1. Obstacle Course: Set up a small obstacle course using cushions, pillows, and soft play equipment. Encourage children to climb over, under, and through the obstacles, enhancing balance and coordination. This activity aligns with Outcome 2: "Children are connected with and contribute to their world" as it encourages children to interact with their environment. It also supports Outcome 4 by fostering confidence and involvement in learning through physical challenges.

  2. Scooter Fun: Provide scooters or ride-on toys. This activity helps improve leg strength, balance, and spatial awareness. Riding scooters promotes Outcome 3 by enhancing physical health and well-being. It also relates to Outcome 5: "Children are effective communicators" as children may communicate their enjoyment and excitement during this activity.

  3. Balancing Act: Use a low balance beam or a line of tape on the floor. Children can walk heel-to-toe or jump along the line, improving balance. Outcome 3 is supported by enhancing muscle strength and coordination while Outcome 4 is fostered by promoting confidence and active involvement in challenging experiences.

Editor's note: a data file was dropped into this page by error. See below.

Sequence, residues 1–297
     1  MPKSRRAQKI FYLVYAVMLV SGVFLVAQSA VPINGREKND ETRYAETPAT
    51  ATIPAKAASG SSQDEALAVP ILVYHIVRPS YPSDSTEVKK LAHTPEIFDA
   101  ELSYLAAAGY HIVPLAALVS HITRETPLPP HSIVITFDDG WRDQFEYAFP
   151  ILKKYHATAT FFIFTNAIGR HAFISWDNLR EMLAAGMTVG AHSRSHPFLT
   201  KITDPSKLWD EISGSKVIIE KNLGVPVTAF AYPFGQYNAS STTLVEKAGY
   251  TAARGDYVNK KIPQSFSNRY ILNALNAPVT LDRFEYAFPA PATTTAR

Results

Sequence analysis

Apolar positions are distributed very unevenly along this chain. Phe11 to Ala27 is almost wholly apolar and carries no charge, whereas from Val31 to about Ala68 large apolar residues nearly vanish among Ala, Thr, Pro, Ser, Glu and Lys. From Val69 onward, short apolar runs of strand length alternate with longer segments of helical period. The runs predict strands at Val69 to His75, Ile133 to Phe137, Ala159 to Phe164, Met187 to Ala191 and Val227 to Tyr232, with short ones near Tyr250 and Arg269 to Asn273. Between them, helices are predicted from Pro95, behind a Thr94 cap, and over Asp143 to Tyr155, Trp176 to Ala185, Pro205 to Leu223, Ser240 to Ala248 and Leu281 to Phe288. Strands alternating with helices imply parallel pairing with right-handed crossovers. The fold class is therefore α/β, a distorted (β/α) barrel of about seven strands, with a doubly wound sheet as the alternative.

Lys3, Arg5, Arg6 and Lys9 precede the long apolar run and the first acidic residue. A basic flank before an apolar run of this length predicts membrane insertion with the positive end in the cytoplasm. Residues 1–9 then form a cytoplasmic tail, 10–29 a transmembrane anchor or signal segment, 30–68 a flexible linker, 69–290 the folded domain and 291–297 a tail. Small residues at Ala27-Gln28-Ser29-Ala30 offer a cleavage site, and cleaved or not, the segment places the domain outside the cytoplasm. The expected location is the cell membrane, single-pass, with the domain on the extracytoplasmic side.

4. Ball Games: Play catch or kick a soft ball. Ball games are great for hand-eye coordination and gross motor skills. Children develop Outcome 2 by connecting with their peers and environment, Outcome 3 through fostering hand-eye coordination and gross motor skills, and Outcome 5: "Children are effective communicators" through verbal and non-verbal cues as they engage in the play.

Age Group: 3-5 Years

Preschoolers are ready for more challenging activities to further develop their gross motor skills:

  1. Bike Riding: Introduce tricycles or small bicycles with training wheels. Riding a bike strengthens leg muscles and improves balance. Bike riding connects with Outcome 2 as children explore and engage with their outdoor environment. It also contributes to Outcome 4 as children gain confidence and take on challenges in their learning journey.